It's worth mentioning at his point that everything I've discussed so far is a Troops choice. These are the units which the rest of the army plays off, at least that's how it seems to me right now. You're not worried, at this point, about the penalties for assaulting through cover, these units are purely ad simply there to get into combat and remain there for as long as possible- so you need Fearless spread over them (Warriors and Tervigon) and lots of numbers- minimum unit sizes for me right now are 20 for Gaunts, 15 for Hormogaunts.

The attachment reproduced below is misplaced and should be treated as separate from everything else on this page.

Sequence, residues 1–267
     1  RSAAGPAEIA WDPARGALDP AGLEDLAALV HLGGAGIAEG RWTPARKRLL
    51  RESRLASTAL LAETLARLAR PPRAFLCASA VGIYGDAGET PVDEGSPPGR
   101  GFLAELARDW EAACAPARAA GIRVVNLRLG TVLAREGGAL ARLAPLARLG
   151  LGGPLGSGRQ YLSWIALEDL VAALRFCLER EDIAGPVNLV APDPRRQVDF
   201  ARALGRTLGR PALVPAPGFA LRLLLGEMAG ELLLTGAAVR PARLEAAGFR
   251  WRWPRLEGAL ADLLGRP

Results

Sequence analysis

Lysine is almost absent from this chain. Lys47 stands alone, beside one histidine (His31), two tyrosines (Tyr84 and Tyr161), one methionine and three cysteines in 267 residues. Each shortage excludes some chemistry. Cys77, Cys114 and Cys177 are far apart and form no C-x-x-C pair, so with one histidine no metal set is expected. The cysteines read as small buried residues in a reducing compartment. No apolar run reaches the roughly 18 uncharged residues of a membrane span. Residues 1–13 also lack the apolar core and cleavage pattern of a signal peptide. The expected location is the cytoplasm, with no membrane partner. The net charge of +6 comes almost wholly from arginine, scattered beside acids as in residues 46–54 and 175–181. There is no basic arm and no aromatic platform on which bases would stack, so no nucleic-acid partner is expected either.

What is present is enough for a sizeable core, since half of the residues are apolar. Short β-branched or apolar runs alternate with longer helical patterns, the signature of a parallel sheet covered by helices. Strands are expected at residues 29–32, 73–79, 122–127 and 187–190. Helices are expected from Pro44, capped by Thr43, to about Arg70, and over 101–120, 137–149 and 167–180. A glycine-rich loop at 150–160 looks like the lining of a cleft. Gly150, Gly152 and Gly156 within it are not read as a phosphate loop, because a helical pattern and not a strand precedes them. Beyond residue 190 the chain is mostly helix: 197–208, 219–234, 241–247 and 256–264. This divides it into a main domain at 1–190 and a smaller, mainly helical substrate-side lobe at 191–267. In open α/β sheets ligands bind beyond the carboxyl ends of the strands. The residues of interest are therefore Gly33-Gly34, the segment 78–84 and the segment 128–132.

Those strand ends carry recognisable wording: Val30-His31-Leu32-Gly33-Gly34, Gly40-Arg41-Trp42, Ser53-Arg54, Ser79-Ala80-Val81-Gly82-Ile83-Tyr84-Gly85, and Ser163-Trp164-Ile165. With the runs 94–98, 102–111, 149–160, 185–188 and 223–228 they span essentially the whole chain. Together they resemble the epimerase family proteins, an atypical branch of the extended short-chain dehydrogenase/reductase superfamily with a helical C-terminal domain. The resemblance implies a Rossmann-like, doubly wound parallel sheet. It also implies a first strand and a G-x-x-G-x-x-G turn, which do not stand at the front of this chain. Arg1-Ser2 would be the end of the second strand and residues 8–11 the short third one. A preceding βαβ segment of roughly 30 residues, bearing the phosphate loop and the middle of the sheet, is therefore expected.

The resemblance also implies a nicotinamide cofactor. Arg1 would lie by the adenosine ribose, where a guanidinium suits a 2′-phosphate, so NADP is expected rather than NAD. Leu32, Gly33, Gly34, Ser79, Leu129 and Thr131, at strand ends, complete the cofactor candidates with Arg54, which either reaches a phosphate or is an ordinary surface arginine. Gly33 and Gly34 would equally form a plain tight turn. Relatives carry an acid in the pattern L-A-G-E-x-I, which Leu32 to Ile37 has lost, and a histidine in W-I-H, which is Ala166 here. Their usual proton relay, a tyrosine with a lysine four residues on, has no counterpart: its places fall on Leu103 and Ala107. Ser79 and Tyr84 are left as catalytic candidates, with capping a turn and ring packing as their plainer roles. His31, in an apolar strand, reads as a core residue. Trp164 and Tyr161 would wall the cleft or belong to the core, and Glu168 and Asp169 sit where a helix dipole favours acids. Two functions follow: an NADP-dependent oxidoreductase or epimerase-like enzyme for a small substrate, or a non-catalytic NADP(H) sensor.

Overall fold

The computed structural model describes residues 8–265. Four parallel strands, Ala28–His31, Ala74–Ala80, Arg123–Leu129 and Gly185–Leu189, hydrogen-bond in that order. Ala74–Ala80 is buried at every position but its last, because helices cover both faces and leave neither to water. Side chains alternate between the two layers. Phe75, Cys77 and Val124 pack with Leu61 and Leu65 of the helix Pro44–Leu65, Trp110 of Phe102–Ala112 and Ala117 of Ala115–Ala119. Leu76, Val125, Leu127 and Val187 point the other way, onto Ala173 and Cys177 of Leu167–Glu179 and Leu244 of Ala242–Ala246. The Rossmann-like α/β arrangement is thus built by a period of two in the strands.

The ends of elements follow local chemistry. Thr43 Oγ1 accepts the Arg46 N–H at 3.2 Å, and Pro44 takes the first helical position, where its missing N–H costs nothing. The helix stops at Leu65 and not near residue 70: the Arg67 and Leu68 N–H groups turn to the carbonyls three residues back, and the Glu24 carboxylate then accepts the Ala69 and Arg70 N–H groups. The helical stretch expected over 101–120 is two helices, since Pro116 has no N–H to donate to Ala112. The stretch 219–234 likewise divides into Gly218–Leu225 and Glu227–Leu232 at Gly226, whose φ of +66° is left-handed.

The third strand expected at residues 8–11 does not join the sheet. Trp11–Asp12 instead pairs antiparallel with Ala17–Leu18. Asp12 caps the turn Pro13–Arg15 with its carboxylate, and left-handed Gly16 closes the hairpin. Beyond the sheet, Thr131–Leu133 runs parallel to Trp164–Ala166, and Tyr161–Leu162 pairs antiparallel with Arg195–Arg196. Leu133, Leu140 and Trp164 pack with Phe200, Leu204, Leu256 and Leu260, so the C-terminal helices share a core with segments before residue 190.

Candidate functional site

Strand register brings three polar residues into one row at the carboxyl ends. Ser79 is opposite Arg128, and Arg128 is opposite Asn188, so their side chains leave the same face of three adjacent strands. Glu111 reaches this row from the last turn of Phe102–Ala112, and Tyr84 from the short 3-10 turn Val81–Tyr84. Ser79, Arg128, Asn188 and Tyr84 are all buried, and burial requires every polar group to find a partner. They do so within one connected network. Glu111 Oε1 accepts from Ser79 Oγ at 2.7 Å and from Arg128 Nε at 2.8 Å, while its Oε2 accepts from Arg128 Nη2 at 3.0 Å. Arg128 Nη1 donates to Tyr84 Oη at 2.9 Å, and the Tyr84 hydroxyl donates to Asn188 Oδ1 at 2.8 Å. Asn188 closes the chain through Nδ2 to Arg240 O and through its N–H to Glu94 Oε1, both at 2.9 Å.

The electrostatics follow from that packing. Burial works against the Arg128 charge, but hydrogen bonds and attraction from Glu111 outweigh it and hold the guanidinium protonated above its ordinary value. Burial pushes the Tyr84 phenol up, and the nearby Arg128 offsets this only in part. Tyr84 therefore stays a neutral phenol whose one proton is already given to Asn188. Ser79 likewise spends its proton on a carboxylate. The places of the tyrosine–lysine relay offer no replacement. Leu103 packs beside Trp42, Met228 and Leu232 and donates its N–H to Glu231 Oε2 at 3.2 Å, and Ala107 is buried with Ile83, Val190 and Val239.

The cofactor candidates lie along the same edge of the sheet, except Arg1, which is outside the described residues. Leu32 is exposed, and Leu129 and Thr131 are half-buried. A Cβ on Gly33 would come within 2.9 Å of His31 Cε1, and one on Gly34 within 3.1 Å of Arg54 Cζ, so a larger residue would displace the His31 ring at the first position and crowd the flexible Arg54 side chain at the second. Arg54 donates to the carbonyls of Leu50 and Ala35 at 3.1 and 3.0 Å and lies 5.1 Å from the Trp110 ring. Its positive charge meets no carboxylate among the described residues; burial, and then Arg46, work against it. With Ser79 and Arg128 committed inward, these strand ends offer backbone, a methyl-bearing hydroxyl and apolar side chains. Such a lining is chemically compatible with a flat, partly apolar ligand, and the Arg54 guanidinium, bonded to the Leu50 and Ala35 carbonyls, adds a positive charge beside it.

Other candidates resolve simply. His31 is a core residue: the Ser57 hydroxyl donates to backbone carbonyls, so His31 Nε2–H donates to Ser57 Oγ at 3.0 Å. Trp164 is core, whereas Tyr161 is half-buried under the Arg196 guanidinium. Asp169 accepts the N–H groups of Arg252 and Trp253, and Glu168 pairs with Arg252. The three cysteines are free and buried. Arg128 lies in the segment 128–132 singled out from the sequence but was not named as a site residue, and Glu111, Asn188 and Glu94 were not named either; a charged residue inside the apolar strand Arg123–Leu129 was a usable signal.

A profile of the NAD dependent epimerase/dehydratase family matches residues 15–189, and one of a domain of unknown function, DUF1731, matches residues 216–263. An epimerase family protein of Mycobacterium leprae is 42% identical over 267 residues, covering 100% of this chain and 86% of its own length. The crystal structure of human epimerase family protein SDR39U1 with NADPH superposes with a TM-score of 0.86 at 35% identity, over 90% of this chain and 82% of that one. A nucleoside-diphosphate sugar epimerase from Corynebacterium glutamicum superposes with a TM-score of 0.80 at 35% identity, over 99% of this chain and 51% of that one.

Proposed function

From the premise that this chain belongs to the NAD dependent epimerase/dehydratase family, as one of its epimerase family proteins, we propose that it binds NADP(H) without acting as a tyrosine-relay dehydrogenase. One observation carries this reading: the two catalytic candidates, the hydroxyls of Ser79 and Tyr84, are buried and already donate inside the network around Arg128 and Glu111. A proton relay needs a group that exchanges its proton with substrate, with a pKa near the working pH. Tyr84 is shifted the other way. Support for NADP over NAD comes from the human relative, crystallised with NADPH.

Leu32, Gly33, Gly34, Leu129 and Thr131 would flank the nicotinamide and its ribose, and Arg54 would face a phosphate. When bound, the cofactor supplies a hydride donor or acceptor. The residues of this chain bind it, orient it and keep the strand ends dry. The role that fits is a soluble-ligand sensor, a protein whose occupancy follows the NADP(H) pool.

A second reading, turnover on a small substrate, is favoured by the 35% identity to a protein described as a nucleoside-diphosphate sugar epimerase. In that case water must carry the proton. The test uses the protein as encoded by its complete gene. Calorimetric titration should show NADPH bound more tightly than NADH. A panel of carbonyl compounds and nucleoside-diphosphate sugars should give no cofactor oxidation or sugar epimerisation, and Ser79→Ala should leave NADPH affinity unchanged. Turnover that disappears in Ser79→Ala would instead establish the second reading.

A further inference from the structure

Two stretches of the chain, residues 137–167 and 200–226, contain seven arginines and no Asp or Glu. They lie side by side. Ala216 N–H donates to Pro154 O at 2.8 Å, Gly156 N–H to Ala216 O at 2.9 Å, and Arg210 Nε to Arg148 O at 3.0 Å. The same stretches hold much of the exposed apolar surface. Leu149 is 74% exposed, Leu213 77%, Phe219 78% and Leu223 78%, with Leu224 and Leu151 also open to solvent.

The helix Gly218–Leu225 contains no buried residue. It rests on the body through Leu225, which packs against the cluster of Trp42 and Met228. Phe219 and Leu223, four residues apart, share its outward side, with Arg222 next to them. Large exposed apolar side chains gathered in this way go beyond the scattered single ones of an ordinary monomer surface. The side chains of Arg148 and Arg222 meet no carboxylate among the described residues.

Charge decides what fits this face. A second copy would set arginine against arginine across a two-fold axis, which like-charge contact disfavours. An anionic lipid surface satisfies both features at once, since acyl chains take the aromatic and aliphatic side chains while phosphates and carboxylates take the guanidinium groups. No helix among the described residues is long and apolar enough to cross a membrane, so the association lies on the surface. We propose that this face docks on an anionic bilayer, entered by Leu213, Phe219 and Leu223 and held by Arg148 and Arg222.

The question now, is how do you kill units, and how do claim objectives? Well, the first one is simple- Monstrous Creatures. Pin the enemy in combat, and you're MC's can run around unmolested. Trygons are great for this- reasonably quick and reliable (thanks to Fleet), the ability to Deep-Strike to line up assaults and lots of AP2 attacks, re-rolling hits and wounds (Toxin Sacs are compulsory now!). I'm also tinkering with Carnifex broods, so far with quite a high degree of success. By leapfrogging the 'Fexes, I've been spreading out wounds among the unit and ensuring that both get in to combat- at which point, they murder whatever unit they are facing (10 attacks +2 Hammer hits, re-rolling, on the charge- I run them basic, with no upgrades apart from Toxin Sacs.) However, they are a heavy points investment, and are vulnerable to concentrated fire, which they tend to receive an unfair amount of!) Hive Tyrants are also fantastic now as well- if they are walking, I give them Armoured Shell, and if they are flying then I keep them a little on the cheap side, to reduce the impact when they die (plus every 10 point upgrade is 2 less Gaunts.) Either method has proved pretty survivable for a while, and they are a real pain for enemy units to deal with once the Gaunts start doing their job.